A nine-member panel considering reparations in California decided to move forward with what could become the most sweeping effort toward compensating Black Americans for generations of government approved racial discrimination.
California’s Reparations Task Force voted May 6 to recommend that state lawmakers provide billions of dollars in compensation payments to qualified Black residents and to issue a formal apology for slavery, The Los Angeles Times reports.
The vote, held at a public meeting in Oakland, is a milestone in a two-year process to present recommendations for reparations to the Legislature by the deadline of July 1. It’s intended to offer guidance for legislators and Gov. Gavin Newsom as they debate the issues and make a final decision.
Under the proposal, the years of California residency would determine how much each eligible person receives, and there’s no requirement to prove individual harm in each category.
According to The Times, the report recommends these figures:
- Compensation for health disparities: $13,619 for each year of residency. This figure was derived by comparing life expectancy between Black non-Hispanic and white non-Hispanic Californians.
- Compensation for mass incarceration and over-policing of African Americans: $2,352 for each year of residency in California during the war on drugs from 1971 to 2020.
- Compensation for housing discrimination: $3,366 for each year between 1933 and 1977 spent as a resident of the state of California.
Some other recommendations include funding community wellness centers in Black communities, ending the cash bail system, abolishing the death penalty, paying fair market value for incarcerated labor and building more parks in Black neighborhoods.
But it’s unclear if lawmakers, even those who support reparations payments, would green light a proposal that costs more than twice the annual state budget during challenging economic times.
"Reparations are not only morally justifiable, but they have the potential to address longstanding racial disparities and inequalities," U.S. Rep. Barbara Lee said, according to CBS News. Lee, whose district covers Oakland, is co-sponsoring a bill in Congress to study restitution proposals for African Americans.
Larry Elder, a Black conservative talk radio host, cynically tweeted, “If a non-black person in California identifies as African-American can he/she/they receive the state's proposed reparations of up to $1.2 million? Asking for a friend…”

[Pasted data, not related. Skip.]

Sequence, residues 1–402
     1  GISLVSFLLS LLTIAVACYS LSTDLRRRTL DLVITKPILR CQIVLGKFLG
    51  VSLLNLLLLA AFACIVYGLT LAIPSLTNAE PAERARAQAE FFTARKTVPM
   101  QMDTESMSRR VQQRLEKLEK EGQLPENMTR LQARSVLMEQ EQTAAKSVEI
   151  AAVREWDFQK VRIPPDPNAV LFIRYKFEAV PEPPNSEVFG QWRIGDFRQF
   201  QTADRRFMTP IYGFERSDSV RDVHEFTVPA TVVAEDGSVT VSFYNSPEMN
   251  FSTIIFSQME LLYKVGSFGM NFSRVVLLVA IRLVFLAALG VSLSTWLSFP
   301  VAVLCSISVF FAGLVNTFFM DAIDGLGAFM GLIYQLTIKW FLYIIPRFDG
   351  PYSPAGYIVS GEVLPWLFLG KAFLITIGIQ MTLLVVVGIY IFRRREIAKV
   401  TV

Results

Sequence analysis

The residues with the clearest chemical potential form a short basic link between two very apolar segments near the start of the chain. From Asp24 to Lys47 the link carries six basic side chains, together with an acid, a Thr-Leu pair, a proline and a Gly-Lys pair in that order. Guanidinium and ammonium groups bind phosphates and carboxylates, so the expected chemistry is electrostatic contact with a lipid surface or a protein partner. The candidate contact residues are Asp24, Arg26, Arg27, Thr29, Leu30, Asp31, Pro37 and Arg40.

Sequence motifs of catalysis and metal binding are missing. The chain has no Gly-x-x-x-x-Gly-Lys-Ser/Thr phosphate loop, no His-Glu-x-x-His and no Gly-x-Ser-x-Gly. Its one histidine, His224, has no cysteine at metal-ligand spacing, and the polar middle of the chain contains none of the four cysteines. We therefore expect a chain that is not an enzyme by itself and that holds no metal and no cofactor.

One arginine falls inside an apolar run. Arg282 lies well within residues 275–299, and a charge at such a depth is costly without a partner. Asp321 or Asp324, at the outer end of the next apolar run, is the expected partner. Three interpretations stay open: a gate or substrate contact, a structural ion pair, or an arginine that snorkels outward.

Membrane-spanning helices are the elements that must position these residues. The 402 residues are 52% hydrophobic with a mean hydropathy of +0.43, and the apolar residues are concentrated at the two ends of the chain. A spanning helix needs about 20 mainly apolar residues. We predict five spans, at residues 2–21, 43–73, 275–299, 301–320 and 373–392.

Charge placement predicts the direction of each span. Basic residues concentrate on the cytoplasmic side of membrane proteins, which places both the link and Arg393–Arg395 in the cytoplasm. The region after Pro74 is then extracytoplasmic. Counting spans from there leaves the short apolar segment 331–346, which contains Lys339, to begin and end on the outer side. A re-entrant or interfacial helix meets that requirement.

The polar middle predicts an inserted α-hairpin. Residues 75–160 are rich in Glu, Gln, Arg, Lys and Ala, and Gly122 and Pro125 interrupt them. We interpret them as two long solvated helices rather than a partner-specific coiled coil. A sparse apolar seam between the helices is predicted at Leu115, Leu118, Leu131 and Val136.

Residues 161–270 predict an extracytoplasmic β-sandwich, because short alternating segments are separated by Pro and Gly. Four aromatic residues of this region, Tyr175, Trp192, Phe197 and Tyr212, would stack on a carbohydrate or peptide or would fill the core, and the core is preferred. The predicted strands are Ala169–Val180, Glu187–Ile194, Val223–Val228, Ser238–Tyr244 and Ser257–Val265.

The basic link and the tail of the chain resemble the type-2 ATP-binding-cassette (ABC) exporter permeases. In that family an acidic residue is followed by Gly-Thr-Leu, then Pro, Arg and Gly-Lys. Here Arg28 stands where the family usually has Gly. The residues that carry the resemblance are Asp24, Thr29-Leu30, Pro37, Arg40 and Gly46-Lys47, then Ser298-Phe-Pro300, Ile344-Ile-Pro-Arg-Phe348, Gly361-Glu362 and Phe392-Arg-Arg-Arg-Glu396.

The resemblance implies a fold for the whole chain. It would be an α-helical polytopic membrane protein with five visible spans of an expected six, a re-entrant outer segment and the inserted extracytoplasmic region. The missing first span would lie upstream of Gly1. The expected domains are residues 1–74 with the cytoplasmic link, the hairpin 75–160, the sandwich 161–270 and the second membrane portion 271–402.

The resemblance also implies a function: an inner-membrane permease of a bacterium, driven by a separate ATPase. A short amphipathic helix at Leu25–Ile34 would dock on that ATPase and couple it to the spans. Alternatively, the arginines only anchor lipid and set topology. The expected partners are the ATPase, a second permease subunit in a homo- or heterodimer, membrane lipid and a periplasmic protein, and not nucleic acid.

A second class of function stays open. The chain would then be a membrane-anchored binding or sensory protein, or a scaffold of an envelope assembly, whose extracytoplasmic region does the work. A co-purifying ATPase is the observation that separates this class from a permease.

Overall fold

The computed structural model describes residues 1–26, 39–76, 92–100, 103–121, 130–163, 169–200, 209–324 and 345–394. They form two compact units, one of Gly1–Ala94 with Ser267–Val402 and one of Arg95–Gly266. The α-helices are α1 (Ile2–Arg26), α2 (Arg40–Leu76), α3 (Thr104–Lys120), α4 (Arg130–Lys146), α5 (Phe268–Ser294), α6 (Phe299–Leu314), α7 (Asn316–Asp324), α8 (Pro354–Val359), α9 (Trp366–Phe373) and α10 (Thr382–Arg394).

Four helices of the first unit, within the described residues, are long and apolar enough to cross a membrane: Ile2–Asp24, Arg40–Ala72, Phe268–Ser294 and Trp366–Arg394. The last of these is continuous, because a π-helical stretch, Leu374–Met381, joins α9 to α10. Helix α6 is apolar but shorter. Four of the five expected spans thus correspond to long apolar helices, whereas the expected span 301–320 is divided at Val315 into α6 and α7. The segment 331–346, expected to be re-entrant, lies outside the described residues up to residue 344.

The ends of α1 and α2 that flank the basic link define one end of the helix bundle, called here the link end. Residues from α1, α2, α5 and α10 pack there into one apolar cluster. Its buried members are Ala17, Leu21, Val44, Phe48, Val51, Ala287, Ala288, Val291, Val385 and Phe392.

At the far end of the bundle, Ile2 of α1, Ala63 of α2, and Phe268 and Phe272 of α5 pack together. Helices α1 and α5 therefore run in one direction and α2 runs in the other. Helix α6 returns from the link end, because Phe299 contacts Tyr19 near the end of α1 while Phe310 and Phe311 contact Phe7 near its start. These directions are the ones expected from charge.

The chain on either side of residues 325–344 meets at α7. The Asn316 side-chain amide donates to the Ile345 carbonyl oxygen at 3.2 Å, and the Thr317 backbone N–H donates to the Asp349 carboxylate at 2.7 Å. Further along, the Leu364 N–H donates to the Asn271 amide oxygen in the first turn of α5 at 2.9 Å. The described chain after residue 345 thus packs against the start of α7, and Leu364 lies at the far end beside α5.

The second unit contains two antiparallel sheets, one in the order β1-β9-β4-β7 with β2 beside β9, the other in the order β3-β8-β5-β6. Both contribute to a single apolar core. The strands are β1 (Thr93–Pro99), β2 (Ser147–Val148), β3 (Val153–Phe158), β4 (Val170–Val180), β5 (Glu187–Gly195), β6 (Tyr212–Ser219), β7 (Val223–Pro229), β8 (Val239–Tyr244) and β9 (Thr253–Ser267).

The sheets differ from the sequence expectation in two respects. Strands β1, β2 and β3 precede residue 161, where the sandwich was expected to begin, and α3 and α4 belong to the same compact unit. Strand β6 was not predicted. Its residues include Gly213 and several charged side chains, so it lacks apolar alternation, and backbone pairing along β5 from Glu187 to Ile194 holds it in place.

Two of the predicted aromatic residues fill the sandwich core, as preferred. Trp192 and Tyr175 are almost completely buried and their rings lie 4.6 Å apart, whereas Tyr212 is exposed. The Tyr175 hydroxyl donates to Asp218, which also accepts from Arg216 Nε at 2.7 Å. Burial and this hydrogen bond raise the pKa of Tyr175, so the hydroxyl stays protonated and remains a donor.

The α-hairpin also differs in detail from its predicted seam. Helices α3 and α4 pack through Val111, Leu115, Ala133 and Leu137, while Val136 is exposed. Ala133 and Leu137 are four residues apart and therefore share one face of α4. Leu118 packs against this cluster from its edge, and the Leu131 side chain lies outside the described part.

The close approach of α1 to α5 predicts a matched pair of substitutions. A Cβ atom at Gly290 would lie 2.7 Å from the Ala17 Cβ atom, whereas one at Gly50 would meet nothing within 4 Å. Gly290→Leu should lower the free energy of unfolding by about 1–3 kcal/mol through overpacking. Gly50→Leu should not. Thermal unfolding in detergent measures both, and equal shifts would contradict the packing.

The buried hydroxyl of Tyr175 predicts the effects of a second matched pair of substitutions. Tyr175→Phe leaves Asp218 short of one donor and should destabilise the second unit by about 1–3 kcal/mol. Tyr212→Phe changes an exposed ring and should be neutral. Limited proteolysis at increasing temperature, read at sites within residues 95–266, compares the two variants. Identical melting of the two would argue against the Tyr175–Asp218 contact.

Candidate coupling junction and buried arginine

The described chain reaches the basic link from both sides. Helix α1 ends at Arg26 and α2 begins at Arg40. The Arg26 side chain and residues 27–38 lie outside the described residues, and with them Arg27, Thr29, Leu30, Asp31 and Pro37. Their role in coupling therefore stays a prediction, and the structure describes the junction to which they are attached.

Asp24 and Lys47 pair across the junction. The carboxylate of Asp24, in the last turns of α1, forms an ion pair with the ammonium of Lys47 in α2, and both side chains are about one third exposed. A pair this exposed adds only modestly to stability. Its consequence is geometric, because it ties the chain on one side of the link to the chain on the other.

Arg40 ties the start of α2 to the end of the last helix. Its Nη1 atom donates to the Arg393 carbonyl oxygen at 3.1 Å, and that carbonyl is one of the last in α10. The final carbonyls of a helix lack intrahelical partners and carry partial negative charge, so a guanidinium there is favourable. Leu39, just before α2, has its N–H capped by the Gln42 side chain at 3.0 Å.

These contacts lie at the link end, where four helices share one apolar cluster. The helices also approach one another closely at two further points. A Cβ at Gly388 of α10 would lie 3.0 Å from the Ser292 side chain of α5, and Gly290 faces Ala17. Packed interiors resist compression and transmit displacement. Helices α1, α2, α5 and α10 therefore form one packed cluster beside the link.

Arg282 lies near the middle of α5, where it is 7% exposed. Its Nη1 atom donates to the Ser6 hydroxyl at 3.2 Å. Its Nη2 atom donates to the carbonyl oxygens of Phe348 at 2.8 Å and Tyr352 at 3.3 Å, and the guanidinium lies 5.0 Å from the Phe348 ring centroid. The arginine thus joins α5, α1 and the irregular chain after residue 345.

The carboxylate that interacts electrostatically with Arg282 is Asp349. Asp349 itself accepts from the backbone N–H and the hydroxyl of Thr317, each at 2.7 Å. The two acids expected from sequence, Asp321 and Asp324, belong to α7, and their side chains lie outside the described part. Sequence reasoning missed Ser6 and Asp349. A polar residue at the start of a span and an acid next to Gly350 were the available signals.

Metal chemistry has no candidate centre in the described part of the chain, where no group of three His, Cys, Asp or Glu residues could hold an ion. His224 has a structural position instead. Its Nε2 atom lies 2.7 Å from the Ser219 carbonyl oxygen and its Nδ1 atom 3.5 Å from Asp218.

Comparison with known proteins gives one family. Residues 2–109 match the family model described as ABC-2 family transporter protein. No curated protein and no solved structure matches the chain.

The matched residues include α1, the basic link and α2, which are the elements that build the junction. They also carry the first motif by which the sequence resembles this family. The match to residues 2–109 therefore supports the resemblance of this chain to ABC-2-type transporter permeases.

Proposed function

The tweet showed a photo of Rachel Dolezal, the White NAACP leader who passed for years as Black, igniting a national debate in 2015 about racial identity.
In January, Elder blasted a proposal by San Francisco’s reparations committee to pay eligible Black residents $5 million and other reparations efforts across the nation.
"I think the movement is growing. Young woke people are being indoctrinated into believing that systemic racism, structural racism, historical racism is why Black people are underachieving," Elder, who previously ran for California governor, told Fox News.
The task force released an interim report in June 2022 detailing discriminatory policies and practices the descendants of enslaved people suffered that continue to impact them today, including the areas of housing, education and the criminal justice system.
“Four hundred years of discrimination has resulted in an enormous and persistent wealth gap between Black and white Americans,” that report stated.
“These effects of slavery continue to be embedded in American society today and have never been sufficiently remedied. The governments of the United States and the State of California have never apologized to or compensated African Americans for these harms.”
Although California entered the union as a free state in 1850, the early state government supported slavery, according to the report. An estimated 1,500 enslaved African Americans lived in the state in 1852, working under dangerous conditions and subjected to violence. In that year, California passed and enacted a harsher version of the federal fugitive slave law, which mandated the return of escaped slaves to their owners.
But eligibility could become messy. In March 2022, the task force considered the thorny issue of reparations eligibility for the state’s Black residents. The task force members voted 5-4 to limit compensation for slavery to the descendants of free and enslaved Black people living in the United States in the 19th century.
That means Black Californians with a lineage of immigration from the Caribbean or Africa would be ineligible to receive reparations. Advocates for wider eligibility point out that the history of slavery is complex in terms of proving lineage. Ancestry is not easy to document, partly because slave owners frequently moved their enslaved people among plantations in the U.S., the Caribbean and South America.
The task force is slated to meet in Sacramento on June 29 before sending its recommendations to the Legislature.